Here’s how to find that elusive planet Uranus for yourself. It’s well placed in the sky right now, but it takes a bit of effort – after all, no-one spotted it throughout human history until 1781.
Uranus is a planet whose brightness is very close to the limit of visibility with the naked eye. However, that is only true under good conditions, and most of us have light pollution and skies that are a bit hazy to contend with. So to find the seventh planet from the Sun you will probably need to use binoculars, and wait for a good clear night as well.
In 2020 there are no bright stars near Uranus to act as a guide, so you’ll need to get to know the fainter stars in the area. Start by looking for Mars – which you really can’t miss at the moment because it’s really bright and is visible in mid sky looking south during the evening. Some way to the left of Mars is another very obvious feature of the sky – the Pleiades cluster, also known as the Seven Sisters. Uranus lies roughly halfway between Mars and the Pleiades, but you’ll need to look at the nearby star patterns to find it.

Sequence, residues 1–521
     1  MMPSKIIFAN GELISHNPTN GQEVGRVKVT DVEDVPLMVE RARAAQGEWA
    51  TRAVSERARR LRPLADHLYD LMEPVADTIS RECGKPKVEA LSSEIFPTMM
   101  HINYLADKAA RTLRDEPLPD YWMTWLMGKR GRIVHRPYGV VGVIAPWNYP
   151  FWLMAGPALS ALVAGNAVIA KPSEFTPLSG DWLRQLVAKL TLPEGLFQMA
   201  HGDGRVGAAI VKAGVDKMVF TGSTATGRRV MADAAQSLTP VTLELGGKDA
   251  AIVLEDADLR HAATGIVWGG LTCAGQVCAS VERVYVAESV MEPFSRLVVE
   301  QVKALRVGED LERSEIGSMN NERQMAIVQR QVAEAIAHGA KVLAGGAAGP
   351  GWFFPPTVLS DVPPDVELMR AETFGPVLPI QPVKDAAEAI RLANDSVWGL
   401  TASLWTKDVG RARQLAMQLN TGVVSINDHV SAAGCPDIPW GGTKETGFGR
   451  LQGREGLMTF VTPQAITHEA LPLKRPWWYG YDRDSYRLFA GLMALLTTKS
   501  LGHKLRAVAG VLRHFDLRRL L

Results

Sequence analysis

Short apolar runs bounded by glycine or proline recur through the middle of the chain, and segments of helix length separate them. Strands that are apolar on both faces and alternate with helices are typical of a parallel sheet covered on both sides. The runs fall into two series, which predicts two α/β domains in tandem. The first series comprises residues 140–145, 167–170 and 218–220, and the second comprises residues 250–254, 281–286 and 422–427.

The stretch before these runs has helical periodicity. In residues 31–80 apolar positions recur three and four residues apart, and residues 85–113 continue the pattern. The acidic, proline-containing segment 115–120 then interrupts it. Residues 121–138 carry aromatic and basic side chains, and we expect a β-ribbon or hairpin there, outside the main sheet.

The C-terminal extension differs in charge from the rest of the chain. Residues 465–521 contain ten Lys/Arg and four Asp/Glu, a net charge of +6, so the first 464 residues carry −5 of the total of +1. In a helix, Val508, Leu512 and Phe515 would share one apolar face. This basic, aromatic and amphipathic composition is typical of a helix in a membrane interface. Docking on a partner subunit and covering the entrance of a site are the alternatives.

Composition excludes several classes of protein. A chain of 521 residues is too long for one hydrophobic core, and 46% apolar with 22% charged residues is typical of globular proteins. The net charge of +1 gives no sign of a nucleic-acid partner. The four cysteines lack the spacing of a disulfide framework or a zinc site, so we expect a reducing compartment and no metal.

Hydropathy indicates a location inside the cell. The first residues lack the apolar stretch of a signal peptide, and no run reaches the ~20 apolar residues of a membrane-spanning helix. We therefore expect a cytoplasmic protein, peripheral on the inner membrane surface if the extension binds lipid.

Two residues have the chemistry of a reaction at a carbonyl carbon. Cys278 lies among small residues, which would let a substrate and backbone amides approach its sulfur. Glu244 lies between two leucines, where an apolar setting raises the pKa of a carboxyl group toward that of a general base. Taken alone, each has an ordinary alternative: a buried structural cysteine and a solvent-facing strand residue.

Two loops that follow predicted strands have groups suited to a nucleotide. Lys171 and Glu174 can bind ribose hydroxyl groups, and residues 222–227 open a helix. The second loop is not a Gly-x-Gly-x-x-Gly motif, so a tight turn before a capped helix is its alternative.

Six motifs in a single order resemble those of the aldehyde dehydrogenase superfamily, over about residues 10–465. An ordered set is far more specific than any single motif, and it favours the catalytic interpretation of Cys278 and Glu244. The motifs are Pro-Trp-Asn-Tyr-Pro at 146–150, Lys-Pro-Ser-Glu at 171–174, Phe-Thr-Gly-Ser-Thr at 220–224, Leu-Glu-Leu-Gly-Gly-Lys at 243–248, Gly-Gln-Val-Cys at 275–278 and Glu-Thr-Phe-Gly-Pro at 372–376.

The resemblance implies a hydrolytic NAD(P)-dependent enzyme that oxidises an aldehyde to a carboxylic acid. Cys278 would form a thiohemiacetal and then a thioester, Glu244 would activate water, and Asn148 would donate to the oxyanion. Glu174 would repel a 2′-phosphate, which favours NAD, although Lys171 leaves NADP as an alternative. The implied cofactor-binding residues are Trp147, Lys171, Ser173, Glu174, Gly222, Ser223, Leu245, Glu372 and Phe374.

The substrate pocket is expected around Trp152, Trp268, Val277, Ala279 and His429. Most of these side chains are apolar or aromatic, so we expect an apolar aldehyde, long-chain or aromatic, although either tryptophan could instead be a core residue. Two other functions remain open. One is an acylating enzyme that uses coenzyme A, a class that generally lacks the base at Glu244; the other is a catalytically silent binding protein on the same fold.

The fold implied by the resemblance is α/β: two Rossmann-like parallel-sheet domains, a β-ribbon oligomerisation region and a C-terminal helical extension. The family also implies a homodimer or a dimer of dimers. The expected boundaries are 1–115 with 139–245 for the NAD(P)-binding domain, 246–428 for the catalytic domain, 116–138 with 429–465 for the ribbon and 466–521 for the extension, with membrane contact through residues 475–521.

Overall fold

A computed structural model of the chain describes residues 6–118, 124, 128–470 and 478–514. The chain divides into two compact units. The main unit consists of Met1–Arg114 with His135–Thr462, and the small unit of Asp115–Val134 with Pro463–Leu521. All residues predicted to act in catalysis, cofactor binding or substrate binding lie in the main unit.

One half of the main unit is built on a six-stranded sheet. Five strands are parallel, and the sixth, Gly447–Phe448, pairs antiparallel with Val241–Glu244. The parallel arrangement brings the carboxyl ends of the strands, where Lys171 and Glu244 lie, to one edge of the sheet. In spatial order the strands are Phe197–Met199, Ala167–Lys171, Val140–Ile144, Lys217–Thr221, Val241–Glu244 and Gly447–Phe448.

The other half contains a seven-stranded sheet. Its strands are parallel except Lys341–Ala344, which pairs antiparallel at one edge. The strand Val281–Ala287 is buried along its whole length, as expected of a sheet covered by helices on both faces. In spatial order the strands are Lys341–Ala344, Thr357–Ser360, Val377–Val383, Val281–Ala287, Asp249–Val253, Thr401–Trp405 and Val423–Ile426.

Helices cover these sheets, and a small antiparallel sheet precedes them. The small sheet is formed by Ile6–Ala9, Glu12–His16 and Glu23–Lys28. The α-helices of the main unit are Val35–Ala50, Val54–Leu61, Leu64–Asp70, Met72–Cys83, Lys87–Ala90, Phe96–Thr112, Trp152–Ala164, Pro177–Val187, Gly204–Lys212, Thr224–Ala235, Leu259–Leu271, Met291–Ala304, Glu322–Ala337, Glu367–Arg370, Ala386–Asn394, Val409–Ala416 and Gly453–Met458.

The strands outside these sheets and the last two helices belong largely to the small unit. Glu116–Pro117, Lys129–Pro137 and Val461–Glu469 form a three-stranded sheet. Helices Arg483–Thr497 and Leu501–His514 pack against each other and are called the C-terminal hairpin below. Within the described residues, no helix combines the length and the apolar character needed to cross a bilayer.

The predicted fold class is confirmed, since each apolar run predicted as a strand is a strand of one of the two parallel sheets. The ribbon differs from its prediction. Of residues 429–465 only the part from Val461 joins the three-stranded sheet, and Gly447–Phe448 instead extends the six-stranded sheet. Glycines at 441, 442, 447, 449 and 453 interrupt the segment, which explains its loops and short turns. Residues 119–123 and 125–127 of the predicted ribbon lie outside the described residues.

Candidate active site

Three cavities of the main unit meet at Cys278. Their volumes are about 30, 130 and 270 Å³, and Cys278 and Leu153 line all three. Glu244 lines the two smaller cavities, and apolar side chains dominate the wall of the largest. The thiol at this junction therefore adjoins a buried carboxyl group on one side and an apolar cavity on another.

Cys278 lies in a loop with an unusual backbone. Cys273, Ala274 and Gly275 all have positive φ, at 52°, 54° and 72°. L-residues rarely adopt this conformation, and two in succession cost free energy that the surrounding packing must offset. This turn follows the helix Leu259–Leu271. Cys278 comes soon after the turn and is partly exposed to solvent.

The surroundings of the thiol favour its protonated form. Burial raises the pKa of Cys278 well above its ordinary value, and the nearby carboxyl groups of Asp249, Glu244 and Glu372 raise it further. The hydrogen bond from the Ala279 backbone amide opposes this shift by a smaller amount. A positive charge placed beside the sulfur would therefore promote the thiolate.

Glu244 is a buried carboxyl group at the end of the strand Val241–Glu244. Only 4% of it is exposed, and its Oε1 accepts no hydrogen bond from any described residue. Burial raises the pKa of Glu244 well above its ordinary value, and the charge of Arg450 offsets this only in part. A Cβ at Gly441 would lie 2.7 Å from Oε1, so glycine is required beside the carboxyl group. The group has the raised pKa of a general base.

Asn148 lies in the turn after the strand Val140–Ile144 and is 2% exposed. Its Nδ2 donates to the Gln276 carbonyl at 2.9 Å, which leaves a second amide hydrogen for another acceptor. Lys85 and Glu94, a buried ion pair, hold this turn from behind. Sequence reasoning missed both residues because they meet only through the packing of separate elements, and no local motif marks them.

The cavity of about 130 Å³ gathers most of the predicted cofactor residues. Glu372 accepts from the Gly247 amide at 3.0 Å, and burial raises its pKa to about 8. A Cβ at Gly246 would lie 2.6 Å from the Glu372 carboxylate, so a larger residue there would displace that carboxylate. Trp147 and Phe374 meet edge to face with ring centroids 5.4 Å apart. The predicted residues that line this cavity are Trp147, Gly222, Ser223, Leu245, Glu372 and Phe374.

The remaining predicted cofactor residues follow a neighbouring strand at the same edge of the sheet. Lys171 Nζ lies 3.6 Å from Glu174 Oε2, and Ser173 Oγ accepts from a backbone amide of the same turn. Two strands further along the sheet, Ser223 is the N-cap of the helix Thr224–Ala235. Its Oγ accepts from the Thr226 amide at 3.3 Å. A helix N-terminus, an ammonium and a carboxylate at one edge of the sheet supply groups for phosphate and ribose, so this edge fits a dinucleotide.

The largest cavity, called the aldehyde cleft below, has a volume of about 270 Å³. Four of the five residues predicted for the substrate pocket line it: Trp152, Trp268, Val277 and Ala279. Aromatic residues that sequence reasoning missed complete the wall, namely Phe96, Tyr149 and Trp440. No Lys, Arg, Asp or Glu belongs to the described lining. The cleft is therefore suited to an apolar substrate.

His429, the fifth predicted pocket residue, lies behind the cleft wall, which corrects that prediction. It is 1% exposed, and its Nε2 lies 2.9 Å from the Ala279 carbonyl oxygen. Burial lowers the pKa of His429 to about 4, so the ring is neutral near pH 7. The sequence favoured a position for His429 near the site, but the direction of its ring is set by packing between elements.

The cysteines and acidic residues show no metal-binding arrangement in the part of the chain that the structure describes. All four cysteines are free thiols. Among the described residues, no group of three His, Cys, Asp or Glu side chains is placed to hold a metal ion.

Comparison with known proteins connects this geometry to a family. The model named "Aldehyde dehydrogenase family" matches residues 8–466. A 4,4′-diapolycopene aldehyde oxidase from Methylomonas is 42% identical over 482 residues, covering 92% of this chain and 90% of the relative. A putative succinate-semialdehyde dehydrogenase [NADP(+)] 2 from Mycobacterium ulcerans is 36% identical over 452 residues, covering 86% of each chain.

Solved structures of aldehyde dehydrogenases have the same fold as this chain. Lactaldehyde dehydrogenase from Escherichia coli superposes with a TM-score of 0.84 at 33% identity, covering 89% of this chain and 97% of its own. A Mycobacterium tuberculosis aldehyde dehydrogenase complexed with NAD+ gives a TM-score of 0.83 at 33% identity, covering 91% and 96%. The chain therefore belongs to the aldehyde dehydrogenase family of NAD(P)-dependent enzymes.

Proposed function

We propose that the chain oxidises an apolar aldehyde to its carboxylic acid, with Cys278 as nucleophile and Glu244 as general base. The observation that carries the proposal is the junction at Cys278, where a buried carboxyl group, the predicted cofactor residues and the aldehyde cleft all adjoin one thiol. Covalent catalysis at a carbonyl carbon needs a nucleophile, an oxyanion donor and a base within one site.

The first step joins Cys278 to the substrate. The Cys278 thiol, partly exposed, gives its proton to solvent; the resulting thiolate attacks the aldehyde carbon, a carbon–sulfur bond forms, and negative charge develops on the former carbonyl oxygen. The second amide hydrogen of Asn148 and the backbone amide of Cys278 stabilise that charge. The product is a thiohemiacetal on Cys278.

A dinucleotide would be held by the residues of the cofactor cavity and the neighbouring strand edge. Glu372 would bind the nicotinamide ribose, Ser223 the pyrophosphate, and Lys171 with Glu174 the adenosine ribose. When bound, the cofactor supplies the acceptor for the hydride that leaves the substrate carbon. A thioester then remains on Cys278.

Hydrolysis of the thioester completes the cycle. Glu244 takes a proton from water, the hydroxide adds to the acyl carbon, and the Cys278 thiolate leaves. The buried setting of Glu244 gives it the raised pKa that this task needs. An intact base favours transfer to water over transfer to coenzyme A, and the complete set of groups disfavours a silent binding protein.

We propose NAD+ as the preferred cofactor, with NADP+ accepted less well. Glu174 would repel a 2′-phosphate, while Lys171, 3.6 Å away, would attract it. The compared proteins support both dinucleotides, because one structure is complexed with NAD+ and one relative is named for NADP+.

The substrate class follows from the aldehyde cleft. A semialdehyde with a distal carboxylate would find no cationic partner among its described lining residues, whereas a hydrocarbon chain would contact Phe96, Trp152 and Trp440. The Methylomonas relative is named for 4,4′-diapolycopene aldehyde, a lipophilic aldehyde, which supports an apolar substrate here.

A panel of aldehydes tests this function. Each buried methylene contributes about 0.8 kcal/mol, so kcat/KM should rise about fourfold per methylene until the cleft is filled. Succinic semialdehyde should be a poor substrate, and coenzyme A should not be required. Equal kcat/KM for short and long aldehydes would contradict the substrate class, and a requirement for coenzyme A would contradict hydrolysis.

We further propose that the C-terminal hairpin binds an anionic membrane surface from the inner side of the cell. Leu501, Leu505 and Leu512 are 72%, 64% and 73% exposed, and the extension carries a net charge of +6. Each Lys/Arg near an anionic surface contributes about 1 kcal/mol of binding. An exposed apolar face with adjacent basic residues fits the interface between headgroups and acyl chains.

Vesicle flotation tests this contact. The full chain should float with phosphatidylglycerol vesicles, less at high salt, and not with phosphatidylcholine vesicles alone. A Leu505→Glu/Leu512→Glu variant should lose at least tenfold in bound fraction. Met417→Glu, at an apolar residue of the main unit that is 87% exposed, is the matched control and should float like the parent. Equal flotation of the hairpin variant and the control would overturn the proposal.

Look first for the pattern of three stars that are the best-known feature of Aries, the Ram. Then look below those for two rather fainter stars that make up the bottom of the head of Cetus, the Sea Monster. This is where your binoculars might come in handy. Trace out the rest of the head of the monster, so that you can locate the two stars at its top. Then use the patterns of stars in the diagram below to pick out Uranus.
You won’t see anything other than a starlike point with binoculars. The planet is so distant that it’s very small as seen in the sky, and only a reasonably powerful telescope, magnifying about 100 times, will show its tiny slightly bluish disc.
Uranus is shown in its position for the beginning of November 2020. But later in the year, refer to the diagram below which shows its slow movement from left to right. In 2021 it starts to move back along almost the same track.
Watch a video recorded under the stars showing how to find Uranus. Best viewed full screen and under dim conditions: